Since the new year, I’ve written early in the morning, every day, usually for an hour or two. Aside from my blog posts (which I write on the weekends) and work articles (which I write during the day), my total writing output for the year stands at far less than 1,000 words.
What have I been doing? Why don’t I have anything tangible to show for my efforts?
The answer is simple, I’ve been editing. Editing is tedious. Editing requires gumption. Editing demands focus. And editing is required.
I liken the process of producing a book to a home construction project. Writing my first draft is like framing in a wall. Progress is fast; the project takes shape; satisfaction follows with ease.
Doing the final edit is like sanding the final coat of drywall compound to finish a wall. It makes a mess, induces boredom, and necessitates patience. Without the proper attention to detail, I urge this step forward too quickly, which becomes obvious to all in the finished product, be it a painted wall or a printed book. A lack of diligence in this stage results in embarrassment later.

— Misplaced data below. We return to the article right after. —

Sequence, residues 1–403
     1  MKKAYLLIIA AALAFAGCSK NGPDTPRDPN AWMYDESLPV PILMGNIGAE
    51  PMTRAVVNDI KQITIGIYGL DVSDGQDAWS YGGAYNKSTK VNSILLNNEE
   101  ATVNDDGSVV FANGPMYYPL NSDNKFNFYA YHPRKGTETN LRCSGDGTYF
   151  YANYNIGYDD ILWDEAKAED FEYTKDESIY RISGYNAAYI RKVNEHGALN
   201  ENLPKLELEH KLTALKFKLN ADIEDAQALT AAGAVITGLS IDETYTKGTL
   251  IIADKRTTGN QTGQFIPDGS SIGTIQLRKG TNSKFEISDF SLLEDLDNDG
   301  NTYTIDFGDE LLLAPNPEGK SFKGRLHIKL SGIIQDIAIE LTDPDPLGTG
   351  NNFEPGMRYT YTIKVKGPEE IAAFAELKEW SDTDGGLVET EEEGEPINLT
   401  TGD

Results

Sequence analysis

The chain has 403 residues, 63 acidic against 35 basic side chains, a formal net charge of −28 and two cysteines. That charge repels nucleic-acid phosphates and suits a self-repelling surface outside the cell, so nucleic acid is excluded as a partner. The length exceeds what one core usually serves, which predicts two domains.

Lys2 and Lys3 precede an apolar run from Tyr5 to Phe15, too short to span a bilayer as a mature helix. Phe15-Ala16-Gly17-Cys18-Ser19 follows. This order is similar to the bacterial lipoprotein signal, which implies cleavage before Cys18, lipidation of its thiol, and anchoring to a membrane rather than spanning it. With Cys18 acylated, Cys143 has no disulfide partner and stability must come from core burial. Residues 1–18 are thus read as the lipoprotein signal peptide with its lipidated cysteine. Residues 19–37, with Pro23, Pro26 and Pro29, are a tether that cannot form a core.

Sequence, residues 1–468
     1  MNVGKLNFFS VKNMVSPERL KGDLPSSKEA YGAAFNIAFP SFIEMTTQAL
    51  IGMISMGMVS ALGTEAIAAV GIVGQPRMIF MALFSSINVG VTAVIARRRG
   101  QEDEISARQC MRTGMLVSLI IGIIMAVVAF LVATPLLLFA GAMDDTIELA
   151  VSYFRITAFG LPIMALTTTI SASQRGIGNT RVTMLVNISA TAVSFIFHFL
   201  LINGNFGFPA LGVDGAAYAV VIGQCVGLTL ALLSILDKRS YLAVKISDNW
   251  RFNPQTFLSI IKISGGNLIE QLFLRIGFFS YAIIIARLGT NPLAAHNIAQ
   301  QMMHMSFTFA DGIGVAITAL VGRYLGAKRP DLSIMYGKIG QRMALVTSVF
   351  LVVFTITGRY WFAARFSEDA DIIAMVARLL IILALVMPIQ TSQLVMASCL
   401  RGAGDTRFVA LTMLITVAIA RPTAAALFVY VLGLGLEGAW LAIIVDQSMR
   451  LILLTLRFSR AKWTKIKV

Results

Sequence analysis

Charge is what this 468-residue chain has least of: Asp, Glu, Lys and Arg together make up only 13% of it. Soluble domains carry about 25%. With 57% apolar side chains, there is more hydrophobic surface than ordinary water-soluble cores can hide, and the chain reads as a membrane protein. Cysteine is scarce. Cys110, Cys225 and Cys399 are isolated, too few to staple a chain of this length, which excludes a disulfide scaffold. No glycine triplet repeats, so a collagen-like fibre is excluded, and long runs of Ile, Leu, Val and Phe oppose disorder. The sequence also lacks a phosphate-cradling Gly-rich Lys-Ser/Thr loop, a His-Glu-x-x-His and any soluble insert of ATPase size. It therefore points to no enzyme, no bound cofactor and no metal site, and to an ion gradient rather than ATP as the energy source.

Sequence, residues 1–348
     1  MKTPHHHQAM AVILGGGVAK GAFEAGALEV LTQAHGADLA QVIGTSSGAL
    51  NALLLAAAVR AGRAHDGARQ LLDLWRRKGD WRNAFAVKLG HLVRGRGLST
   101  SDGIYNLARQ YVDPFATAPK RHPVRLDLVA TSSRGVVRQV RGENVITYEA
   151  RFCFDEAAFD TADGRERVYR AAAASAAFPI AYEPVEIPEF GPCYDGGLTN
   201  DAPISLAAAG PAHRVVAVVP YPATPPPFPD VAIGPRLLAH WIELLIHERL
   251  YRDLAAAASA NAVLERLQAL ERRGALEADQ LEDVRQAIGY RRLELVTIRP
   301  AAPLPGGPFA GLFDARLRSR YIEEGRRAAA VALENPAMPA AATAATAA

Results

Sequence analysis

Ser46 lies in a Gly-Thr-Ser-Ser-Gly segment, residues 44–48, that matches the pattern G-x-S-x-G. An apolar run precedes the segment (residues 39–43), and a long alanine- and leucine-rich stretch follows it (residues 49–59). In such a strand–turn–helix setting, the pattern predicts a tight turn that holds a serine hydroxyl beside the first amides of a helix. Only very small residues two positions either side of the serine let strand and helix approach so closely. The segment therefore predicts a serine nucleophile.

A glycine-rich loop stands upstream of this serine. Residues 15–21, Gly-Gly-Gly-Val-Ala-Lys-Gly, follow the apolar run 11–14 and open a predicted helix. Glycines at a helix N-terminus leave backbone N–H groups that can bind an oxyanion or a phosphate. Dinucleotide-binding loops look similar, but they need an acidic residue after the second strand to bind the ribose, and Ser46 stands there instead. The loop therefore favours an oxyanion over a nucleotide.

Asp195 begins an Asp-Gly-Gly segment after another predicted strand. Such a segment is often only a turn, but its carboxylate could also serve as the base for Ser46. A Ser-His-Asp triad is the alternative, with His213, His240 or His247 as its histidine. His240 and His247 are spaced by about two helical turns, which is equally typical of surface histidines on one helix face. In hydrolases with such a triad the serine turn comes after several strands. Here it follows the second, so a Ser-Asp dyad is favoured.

So for six weeks, I’ve been editing my work. First were a couple miscellaneous projects, then a short story for a contest. Lately, I’ve been editing blog posts from my first blog, “The Musings of Peter DeHaan,” to make into a book, codenamed Woodpecker Wars.
Then, having just received feedback from my editor, on Monday I’ll start another round of edits on my book 52 Churches. Then I’ll do the same for its prequel God, I Don’t Want to Go to Church. After that will be final edits on a revision of my dissertation The Convergent Church. Then I plan to rework it into a more accessible book for normal people, like you and me. And then are two more rewrites lined up for past academic work. And there’s more.
The disheartening reality is that I’ll spend all of 2014 in editing mode. But editing is a critical part of writing, a step we dare not skip.